A group of seven Congolese political opposition leaders announced their decision for a presidential candidate on Sunday, choosing Martin Fayulu of the Engagement for Citizenship and Development (ECiDé) party to face President Joseph Kabila’s own choice in the December 23 election.
With the long-delayed date looming in Democratic Republic of Congo, the opposition leaders promised to name their candidate by November 15. The coalition meeting in Geneva included Felix Tshisekedi of the Union for Democracy and Social Progress (UDPS) and Vital Kamerhe of the Union for the Congolese Nation (UNC), who were widely considered to be among front-runners for the nomination.
Moïse Katumbi’s “Together for Change” movement, Freddy Matungulu of Congo na Biso (CNB) and others also met to decide on a strategy, as did international leaders including the Southern African Development Community (SADC). The exiled Katumbi, along with Jean-Pierre Bemba of the Movement for the Liberation of Congo (MLC) party, were barred from competing but backed Fayulu.
Fayulu will face People’s Party for Reconstruction and Democracy (PPRD) candidate Emmanuel Ramazani Shadary, who was chosen to replace Kabila. Kabila refused to step down after his constitutionally mandated second term in 2016 and has since postponed elections, contributing to the country’s political tensions and violence.
There were 21 candidates approved by the Independent National Electoral Commission (CENI) in September. They are not unified on all issues; Tshisekedi, for example, declined to support last month’s protest marches spearheaded by Kamerhe, although he shares a demand for free and fair elections.
Yet the new “Lamuka” coalition leaders remain steadfast in their opposition to any Kabila influence, especially on voter rolls and voting machines, while agreeing not to boycott the election to ensure there is no more delay.
Who is Martin Fayulu?
Fayulu, who turns 62 next week, was born in Kinshasa and studied in France and the United States. He holds master’s degrees in economics and business, and worked as a Mobil Oil executive from 1984 until 2003. He held multiple positions with the company across Africa and abroad, and highlights his business acumen as a priority among his qualifications. His economic vision is based in a well-regulated free market that serves all Congolese while advancing democracy and development.
His political career began in various roles in the 1990s, including a stint as interior minister and aligned with an opposition view that has demanded reforms. That’s clear in his campaign messaging, which emphasizes the need to “save Congo” and his own willingness as a patriot to move beyond a lucrative career to defeat the PPRD.
“Every day, every one of us is an eyewitness to the horrors of our people and is experiencing acts of destabilization aimed at liquidating our country by people who are supposed to protect it,” he says. “It is a sacrilege to be indifferent to what is happening in our country and no Congolese, worthy of the name, has the right to resign from his responsibilities and his duties to the nation.”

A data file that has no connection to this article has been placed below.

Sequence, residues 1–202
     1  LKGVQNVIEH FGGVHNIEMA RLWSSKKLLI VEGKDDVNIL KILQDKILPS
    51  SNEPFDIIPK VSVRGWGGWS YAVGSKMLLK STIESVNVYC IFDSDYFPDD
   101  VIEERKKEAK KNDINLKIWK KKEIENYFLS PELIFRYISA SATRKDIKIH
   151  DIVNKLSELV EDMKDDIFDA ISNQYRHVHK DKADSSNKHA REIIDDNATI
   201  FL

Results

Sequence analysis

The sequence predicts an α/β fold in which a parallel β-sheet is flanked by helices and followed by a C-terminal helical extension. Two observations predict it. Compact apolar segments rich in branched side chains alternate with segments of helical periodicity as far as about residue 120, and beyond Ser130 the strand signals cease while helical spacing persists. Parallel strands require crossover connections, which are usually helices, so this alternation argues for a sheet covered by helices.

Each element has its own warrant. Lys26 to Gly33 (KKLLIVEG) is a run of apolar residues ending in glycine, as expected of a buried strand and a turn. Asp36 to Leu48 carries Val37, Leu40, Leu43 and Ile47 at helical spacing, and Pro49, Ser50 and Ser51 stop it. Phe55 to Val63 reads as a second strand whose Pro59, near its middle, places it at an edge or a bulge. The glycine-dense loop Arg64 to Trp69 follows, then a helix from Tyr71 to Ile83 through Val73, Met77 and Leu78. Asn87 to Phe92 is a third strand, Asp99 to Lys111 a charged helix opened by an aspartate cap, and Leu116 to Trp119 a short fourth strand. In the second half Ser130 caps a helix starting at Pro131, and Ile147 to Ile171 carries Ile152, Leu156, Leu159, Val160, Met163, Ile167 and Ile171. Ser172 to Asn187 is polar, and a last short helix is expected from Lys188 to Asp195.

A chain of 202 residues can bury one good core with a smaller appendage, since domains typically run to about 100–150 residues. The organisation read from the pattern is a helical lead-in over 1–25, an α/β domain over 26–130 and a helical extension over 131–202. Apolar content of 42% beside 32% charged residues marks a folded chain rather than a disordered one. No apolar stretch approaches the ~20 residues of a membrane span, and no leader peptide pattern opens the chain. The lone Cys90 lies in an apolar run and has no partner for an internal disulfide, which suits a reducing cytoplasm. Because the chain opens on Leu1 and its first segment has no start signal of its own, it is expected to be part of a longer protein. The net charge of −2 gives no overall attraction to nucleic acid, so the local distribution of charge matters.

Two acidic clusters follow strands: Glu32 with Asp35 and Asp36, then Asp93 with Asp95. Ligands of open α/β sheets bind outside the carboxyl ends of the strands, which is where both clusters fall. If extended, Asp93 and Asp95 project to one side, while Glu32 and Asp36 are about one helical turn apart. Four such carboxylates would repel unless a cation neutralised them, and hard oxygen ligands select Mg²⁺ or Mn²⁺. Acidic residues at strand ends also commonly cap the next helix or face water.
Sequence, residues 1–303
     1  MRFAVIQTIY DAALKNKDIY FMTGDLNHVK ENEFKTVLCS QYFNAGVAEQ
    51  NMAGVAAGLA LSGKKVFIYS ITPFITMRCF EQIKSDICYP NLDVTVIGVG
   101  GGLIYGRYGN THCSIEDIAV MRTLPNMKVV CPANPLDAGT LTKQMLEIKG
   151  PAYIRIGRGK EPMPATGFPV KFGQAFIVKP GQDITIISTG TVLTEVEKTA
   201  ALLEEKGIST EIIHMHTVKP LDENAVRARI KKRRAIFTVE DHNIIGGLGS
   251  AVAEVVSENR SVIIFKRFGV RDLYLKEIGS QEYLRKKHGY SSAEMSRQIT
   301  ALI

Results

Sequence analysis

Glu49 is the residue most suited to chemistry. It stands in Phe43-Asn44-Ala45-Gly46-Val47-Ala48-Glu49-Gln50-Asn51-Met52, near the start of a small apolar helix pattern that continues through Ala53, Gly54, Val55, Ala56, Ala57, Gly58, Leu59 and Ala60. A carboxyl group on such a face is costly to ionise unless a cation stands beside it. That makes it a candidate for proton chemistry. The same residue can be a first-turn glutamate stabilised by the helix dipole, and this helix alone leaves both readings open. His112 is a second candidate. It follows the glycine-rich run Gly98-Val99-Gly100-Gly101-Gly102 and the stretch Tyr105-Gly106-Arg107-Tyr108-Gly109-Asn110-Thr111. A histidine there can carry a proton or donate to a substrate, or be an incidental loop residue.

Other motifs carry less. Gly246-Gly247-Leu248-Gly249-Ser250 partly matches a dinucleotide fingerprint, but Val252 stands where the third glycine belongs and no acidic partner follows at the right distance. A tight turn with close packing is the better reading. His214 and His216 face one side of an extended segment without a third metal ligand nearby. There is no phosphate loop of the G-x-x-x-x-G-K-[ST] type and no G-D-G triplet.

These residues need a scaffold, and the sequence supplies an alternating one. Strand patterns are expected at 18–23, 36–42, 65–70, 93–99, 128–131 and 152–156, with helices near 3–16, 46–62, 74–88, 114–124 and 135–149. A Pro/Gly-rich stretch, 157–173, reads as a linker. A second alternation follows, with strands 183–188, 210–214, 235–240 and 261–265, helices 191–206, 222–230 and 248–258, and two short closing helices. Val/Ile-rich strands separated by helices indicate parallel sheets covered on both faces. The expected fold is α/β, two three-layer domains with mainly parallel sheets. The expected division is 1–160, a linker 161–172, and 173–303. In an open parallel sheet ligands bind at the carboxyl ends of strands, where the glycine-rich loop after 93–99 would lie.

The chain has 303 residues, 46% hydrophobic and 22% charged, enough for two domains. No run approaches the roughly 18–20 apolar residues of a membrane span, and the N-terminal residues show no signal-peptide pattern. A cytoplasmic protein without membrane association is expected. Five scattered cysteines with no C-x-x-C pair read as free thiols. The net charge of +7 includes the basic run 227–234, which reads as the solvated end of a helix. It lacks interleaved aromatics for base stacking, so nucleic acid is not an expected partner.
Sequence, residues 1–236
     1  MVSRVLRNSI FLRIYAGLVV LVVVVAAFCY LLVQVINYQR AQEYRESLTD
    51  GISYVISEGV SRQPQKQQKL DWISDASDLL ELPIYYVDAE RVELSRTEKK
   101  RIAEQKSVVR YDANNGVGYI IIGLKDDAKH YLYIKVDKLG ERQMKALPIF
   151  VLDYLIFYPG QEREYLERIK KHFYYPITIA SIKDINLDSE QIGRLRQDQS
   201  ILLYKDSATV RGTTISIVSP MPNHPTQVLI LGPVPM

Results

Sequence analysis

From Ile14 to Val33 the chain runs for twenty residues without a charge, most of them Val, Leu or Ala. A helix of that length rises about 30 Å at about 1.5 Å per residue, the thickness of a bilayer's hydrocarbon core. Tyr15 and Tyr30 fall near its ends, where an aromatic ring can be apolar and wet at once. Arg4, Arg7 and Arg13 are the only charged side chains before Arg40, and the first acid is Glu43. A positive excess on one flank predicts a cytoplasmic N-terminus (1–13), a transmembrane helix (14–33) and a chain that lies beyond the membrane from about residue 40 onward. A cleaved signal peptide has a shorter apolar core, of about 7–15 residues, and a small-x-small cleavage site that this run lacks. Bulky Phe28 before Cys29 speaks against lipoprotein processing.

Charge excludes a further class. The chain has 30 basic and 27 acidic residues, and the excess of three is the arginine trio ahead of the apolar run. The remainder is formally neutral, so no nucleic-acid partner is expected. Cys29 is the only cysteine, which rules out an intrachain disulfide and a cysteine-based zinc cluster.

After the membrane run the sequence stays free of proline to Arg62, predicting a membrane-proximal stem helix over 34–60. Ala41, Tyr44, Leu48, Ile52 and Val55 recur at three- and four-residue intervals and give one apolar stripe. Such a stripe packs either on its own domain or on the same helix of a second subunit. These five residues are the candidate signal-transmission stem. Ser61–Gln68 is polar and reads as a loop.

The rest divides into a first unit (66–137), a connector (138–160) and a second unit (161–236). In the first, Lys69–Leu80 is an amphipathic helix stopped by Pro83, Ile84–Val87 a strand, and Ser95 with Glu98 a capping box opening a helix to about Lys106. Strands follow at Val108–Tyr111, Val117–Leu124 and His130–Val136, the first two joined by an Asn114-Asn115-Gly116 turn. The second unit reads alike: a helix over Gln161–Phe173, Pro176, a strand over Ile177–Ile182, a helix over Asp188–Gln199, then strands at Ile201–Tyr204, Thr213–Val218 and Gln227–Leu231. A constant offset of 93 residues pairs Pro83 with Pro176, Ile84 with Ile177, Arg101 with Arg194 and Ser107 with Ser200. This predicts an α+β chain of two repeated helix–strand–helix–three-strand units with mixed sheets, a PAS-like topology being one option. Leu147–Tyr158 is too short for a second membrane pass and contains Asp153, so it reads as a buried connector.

While not as visible as candidates like Katumbi, Fayulu has been a strong leader in DR Congo as the nation protested Kabila and demanded he step aside. He is consistent in his opposition to both Kabila and the contentious use of CENI’s voting machines, which many fear will leave the election open to PPRD manipulation.
The road to a Fayulu nomination
The selection of Fayulu caught some by surprise, as his name was rarely heard in the same breath as the internationally recognized Katumbi or Tshisekedi – the latter being, of course, the son of Etienne Tshisekedi. Before his death in February 2017, the 84-year-old icon of the Congolese opposition movement was expected to lead his Rassemblement coalition against Kabila in elections in 2017, after difficult negotiations to secure a power-sharing agreement and move toward the polls.
That never happened, as the elder Tshisekedi’s death threw the opposition into a period of disunity and power plays over who would lead moving forward. At the time, Fayulu – known more for his business success than his political life – was among the voices calling for consensus in choosing new leadership.
As the political landscape shifted, that consensus became a priority. Opposition leaders insisted on elections in compliance with the New Year’s Eve deal brokered by the influential Conférence Episcopale Nationale du Congo (CENCO) church leaders, but it became clear Kabila would not run again. Shadary, a close Kabila ally and secretary of the PPRD party, was announced as his candidate in August.
At that point, with Kabila’s unconstitutional bid off the table and an electoral calendar published by CENI, the Congolese opposition began focusing on the credibility of elections. Fayulu has championed that cause, as well as the fight against corruption more broadly, and is viewed by some as a smart compromise. Despite the emphasis on consensus and the predictable appeals for unity under the Lamuka coalition, though, there was much concern in Kinshasa late Sunday over the candidate choice, with some leaders of individual parties complaining that a Fayulu nomination boosts Shadary’s chances.
On the other hand, he may benefit from his status as something of a “clean break” candidate to attract the broader loyalty of opposition voters without being polarizing or splitting their support. Whatever the outcome, Fayulu and the Lamuka coalition need to hurry: The campaign window in DR Congo opens in just 11 days.
Image: Martin Fayulu